Chantal Akerman at the Centre for Fine Arts
RADAR

Natacha meets Chantal (again)

Chantal Akerman is on stage at BOZAR. The play My Mother Laughs is a poignant account of her relationship with her mother and lifts the veil on the intimate memories of the much missed Belgian director. 

The autobiographical play was written by one of Belgium's major artists, Chantal Ackerman, who died two years ago. Her radically modern cinematographic language, both raw and uncompromising, earned her well-deserved international acclaim was a major influence on some of today's greatest filmmakers, such as Gus Van Sant and Michael Haneke.

From Jeanne Dielman, 23, quai du Commerce, 1080 Bruxelles (1975), her first masterpiece, to No Home Movie, a moving documentary on her relationship with her mother, an Auschwitz survivor (2015), by way of A Couch in New York, with Juliette Binoche and William Hurt (1996), The Captive, with Sylvie Testud and Bérénice Bejo (2000), and From the Other Side, a documentary on Mexicans trying to enter the United States illegally (2002), Akerman has left us with a complex and highly aesthetic body of work that directly and almost obsessively deals with the limits of time and space.  

Yet perhaps more than anything else she comments on what it is to be human, with all the inherent complexity, suffering and aberrations of the condition. Because there is no doubt that this hypersensitive woman, with a sensitivity that was irremediably marked by the passage of time, and thus necessarily transgenerational, developed a universal language that speaks to everybody.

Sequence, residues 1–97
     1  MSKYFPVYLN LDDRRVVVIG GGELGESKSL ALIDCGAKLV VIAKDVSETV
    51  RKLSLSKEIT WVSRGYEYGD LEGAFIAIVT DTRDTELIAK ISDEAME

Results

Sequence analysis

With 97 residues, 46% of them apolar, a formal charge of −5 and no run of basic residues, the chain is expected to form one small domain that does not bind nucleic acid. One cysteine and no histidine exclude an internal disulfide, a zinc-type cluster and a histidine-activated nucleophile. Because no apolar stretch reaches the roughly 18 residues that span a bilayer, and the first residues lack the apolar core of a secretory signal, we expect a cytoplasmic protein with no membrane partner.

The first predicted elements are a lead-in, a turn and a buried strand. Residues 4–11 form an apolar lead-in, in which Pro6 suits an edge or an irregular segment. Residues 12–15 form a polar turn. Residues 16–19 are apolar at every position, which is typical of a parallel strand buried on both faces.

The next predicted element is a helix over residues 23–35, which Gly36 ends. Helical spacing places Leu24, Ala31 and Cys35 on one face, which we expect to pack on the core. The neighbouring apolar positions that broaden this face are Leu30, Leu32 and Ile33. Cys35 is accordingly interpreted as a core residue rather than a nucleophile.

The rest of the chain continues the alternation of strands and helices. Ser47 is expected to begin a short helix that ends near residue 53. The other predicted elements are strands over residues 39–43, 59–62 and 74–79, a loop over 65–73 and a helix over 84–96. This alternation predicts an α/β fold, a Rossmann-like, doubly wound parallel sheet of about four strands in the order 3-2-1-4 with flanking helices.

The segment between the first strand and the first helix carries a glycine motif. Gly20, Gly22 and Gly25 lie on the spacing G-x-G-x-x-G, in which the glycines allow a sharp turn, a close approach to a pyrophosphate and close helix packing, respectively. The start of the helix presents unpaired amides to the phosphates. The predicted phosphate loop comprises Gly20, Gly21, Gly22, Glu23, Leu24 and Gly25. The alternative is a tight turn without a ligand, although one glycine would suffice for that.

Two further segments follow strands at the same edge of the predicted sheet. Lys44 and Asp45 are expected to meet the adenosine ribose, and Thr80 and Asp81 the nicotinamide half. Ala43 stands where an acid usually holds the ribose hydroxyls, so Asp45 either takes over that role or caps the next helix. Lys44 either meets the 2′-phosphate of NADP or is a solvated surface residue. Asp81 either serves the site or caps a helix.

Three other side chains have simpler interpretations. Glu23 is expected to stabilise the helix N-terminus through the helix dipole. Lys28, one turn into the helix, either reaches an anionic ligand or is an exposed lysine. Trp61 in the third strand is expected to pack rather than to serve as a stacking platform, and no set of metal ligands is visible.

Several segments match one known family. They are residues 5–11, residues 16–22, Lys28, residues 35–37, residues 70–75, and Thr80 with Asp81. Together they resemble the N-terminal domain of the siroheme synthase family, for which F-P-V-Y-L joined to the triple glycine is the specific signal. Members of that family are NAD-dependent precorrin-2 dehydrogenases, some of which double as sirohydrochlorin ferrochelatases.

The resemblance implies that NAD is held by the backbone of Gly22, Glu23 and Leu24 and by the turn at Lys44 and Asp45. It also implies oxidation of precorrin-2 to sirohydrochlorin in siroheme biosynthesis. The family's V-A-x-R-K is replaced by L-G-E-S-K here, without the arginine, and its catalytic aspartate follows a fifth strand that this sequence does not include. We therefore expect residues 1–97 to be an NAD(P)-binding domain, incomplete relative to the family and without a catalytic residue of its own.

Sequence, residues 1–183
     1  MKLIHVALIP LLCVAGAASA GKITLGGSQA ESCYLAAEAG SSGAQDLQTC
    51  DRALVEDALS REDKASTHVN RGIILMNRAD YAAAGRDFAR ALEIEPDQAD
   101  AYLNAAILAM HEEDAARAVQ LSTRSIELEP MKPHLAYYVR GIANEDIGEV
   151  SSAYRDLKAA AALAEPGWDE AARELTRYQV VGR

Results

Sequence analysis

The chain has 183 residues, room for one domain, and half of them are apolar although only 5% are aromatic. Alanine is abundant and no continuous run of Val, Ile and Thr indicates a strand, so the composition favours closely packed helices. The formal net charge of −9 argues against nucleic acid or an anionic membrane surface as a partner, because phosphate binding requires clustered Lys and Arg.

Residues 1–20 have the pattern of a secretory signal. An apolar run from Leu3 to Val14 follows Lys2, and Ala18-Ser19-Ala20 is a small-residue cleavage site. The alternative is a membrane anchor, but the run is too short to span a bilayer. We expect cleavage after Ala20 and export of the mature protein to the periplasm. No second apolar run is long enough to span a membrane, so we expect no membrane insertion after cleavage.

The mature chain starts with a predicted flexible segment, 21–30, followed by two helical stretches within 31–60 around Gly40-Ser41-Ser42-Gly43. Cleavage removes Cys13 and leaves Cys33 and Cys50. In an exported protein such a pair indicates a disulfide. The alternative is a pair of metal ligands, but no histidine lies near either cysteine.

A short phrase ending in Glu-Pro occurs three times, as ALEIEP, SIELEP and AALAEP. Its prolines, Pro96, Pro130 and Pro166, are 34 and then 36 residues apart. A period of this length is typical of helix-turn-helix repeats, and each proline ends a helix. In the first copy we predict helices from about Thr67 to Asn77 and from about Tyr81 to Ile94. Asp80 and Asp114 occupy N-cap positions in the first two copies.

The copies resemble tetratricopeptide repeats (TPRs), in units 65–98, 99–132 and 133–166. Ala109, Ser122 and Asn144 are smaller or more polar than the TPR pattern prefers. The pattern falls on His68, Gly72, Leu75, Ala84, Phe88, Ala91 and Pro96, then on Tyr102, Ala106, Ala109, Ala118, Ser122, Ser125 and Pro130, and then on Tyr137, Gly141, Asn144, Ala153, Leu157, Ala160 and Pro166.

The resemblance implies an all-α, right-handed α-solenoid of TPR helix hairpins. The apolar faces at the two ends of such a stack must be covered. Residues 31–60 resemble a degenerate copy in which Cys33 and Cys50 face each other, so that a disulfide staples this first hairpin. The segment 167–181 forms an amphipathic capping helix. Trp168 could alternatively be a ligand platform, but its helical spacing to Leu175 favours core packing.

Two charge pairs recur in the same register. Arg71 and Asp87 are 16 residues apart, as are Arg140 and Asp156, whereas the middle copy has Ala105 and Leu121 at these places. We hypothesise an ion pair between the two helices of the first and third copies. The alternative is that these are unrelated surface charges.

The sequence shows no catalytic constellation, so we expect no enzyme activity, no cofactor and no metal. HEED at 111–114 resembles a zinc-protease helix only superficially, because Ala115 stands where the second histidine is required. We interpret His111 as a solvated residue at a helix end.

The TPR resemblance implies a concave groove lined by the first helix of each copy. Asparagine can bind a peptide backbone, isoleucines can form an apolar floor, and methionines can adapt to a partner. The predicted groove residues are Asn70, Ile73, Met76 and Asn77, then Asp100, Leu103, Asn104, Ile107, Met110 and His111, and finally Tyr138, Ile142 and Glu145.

An emotional link that runs throughout the artist's work, especially apparent in My Mother Laughs, lends particular credence to Fritz Lang's famous and profoundly modern quote in Godard's Contempt, when he declares that "Love is not a conclusion".

Jeanne Dielman, 23, quai du Commerce, 1080 Bruxelles
Jeanne Dielman, 23, quai du Commerce, 1080 Bruxelles

There is a second reason why this performance is particularly promising. David Strosberg, filmmaker and director of the Théâtre des Tanneurs, asked the famous Belgian actress Natacha Régnier to play the part of Akerman. She had already worked with Akerman in Tomorrow We Move, a work the very title of which so perfectly captures the essence of Akerman's cinema that is one long questioning of time and space.

The actress first came to the public's attention in The Dreamlife of Angels, for which she won the Best Actress Award at the Cannes Film Festival. The exceptional range of emotions she is able to express make her the perfect interpreter of Akerman's words.

This earlier collaboration between Natacha Régnier and Akerman enabled the actress to bring valuable insight to My Mother Laughs. This is because Chantal Ackerman's work forms an organic whole as filmmaker Jonas Mekas puts it: "Her work is like a vast epic film in which a connection can be made between all the constituent parts."